• Farms that were isolated and not connected to other regional farmers/networks or who were extremely new to farming were less able to take advantage of opportunities

COVID-19 pivots (farmers)

  • Lack of labor, finances and resources – prevented development of home delivery programs, customization of shares, additional online sales, etc.
  • Farmers Market – Even when markets moved to online sales and assisted farms with joining and selling through the platform, some farms had a hard time pivoting to harvest forecasting and needing to harvest and hold product for sale.
  • More demand than supply – many farmers didn’t have the infrastructure or resources to expand their programs as quickly as they wanted to or as was needed.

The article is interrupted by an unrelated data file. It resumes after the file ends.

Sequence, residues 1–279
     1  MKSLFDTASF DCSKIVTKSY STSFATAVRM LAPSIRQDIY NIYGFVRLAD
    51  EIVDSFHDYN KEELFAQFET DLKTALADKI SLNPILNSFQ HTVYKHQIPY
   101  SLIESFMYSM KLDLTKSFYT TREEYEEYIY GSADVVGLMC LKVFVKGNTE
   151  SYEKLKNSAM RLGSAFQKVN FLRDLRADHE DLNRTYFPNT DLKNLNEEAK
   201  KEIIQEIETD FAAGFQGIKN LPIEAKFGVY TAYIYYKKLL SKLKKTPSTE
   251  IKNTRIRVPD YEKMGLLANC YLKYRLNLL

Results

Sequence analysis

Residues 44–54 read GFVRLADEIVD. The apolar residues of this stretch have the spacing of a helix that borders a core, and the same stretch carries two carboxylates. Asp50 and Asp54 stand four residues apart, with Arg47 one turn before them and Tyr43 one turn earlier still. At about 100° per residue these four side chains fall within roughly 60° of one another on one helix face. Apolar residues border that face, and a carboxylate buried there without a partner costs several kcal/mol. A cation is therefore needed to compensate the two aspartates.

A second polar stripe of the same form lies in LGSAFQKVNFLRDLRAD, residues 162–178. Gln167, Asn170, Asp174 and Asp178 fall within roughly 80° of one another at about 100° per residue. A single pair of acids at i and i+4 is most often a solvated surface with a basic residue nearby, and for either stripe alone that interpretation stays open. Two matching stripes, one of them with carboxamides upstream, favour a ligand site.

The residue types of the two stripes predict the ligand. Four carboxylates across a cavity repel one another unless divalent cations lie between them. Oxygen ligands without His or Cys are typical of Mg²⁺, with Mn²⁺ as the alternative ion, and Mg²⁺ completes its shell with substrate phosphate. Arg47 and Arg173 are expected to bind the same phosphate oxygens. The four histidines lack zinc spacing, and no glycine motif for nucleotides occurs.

What changes did you see in year over year in sales/the sales of farms you work with? And/or overall profitability in 2020 compared to 2019?

Higher income, higher expenses

  • CSA sales were up in 2020 compared to 2019 (ranging from 25-100%). Overall profitability is harder to measure, as many farms did well but also had increased costs (labor, technology) to achieve some of the increased sales.
  • CSA increase vs wholesale decrease meant many farms were getting more money for their produce.
  • Out of 35 Midwestern farms answering a question about COVID-19 impacts on farm net profit at the end of 2020, 4 said it increased significantly, 22 said it increased, 8 said there was no change, and 1 said it decreased.
  • National data from 110 farmers, who include CSA as one of their marketing channels show a combined gross increase of $6,107,000 in 2020 over 2019 sales; a 65.05% increase.

Increased purchasing from the emergency feeding system

  • Increased sales to food banks/pantries, as demand for these services skyrocketed

Do you have preliminary data about the sales trajectory for 2021 as compared to 2020?